In the new millennium, to take one example of the transformed terrain, environmental issues came to be central in a way that seemed to render linguistic constructionism irrelevant or seemed simply to suggest its falsity. Though discourse has many roles in helping create carbon emissions, for example, it’s the material interactions of particles, whether known or unknown to anyone, narrated or not, that is the heart of the problem. Any philosophy that seemed to undermine the reality of the natural world, or make it a malleable human artefact, has come to feel potentially destructive. Indeed, scholars’ obsession with linguistic interpretation, their notion that everyone has always experienced the world as though reading a book, came to seem at a certain point to be an artefact of privilege, as well as fundamentally implausible.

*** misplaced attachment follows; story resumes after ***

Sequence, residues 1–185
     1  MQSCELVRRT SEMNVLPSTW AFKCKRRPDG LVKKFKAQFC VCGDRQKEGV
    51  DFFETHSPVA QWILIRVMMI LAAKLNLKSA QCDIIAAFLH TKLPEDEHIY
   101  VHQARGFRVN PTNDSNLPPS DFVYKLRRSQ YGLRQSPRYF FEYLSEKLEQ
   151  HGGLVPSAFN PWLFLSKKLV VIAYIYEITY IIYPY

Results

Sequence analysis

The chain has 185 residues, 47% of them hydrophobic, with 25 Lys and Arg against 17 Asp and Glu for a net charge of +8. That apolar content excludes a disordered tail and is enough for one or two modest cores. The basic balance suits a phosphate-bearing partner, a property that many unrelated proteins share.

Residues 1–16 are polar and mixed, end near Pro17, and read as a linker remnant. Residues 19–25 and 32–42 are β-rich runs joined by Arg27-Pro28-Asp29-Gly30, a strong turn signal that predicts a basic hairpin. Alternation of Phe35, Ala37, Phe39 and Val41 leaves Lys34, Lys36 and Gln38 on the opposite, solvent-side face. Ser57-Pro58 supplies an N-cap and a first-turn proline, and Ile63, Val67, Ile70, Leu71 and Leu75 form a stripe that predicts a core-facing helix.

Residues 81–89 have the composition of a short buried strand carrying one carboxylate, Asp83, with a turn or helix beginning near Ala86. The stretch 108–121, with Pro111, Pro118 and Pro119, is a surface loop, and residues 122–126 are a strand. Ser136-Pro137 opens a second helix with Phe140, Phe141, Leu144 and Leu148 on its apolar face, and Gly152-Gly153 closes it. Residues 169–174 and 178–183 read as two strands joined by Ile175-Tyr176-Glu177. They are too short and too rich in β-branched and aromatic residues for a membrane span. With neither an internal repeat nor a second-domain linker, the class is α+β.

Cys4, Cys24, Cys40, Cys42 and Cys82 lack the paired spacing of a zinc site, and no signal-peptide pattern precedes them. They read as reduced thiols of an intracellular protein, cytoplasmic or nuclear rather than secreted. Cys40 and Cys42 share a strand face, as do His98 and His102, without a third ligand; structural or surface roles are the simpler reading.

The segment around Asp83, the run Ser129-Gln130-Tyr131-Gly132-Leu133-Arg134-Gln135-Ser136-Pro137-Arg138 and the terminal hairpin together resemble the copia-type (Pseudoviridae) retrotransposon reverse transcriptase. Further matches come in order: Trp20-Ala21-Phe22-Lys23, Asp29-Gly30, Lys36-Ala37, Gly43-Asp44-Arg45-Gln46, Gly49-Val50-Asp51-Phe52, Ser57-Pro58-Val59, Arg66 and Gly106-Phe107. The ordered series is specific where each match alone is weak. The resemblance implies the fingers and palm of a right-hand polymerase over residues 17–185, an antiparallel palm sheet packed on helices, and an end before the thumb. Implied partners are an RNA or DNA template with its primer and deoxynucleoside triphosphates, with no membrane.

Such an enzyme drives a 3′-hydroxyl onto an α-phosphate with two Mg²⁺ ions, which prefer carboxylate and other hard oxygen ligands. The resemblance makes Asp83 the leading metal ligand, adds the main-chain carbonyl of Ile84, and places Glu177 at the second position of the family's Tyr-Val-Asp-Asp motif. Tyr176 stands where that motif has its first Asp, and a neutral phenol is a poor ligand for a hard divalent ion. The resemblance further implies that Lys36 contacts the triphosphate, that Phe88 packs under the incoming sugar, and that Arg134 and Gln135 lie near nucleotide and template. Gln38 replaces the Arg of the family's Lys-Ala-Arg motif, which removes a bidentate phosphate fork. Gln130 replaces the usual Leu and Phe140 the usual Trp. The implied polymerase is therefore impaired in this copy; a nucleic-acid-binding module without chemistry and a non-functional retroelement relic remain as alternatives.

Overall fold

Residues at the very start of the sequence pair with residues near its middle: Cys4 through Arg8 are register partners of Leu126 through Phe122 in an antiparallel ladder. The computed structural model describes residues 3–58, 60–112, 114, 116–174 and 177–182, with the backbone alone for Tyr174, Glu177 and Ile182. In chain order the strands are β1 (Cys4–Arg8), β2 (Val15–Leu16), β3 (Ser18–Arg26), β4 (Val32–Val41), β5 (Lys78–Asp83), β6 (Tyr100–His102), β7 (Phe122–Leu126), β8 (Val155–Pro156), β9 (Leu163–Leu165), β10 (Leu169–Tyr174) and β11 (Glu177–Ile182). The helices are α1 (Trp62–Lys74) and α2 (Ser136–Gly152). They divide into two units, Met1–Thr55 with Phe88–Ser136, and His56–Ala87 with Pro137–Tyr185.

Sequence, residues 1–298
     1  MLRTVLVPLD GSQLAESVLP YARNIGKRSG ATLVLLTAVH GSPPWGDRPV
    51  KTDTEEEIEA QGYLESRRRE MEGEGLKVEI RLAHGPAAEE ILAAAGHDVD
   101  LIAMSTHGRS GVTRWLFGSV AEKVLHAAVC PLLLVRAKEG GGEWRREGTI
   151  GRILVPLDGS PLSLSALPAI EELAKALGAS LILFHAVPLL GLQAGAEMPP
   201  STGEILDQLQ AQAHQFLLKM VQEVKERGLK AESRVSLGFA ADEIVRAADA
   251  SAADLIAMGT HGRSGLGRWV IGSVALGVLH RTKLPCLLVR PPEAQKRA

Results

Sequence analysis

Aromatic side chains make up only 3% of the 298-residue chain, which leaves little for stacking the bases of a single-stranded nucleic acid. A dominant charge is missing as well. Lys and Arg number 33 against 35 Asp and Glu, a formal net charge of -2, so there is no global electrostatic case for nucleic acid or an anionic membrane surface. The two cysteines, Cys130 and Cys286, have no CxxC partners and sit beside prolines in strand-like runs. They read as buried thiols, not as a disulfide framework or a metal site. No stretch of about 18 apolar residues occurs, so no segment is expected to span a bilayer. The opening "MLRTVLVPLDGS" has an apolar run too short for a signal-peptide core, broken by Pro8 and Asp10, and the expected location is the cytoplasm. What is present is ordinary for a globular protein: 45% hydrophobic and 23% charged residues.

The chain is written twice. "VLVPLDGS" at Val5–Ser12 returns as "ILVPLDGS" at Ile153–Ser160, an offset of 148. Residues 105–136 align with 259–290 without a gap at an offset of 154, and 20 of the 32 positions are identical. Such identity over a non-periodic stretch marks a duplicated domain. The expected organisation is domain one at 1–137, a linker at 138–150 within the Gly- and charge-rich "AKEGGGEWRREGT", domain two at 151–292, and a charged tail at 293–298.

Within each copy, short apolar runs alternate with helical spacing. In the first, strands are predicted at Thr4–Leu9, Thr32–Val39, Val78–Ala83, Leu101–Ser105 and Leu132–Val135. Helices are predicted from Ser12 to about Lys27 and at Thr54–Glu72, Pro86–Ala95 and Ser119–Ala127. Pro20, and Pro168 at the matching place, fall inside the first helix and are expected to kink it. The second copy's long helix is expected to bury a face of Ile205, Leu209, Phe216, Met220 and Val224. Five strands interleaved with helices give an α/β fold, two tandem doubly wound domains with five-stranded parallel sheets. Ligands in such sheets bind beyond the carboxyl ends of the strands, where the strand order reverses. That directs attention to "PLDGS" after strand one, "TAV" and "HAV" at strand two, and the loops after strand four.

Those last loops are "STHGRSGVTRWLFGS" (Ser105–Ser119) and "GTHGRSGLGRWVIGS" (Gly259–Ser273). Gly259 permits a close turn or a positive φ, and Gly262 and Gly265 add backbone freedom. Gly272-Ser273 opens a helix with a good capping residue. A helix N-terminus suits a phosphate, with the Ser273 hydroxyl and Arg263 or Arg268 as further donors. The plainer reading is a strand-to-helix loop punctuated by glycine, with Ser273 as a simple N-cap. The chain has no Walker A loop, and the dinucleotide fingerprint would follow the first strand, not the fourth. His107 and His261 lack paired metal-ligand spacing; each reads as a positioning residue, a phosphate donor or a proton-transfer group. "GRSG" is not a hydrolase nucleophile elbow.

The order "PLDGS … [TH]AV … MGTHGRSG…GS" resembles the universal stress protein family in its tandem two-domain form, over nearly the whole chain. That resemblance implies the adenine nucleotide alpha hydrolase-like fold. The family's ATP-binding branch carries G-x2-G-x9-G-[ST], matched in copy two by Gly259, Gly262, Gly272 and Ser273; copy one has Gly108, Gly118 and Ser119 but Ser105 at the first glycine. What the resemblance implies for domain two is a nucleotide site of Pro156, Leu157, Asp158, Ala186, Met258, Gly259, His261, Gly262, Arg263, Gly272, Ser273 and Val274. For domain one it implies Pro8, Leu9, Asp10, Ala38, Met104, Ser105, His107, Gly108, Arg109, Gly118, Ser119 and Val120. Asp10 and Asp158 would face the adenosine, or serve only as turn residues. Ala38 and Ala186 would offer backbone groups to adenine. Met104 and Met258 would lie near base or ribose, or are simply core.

And we are no longer a planet awash in newsprint, but a world of imagery and image-text hybrids of sorts not covered in the Tractatus. We seem to be more concerned right now about whether we’re living in a virtual reality than whether we’re living in a text. That all sorts of new questions have arisen, however, demands new reflection, but also makes possible new histories. As Hegel observed, you can’t really tell the story of something until it starts winding down.
Crispin Sartwell’s most recent book is Beauty: A Quick Immersion (2022).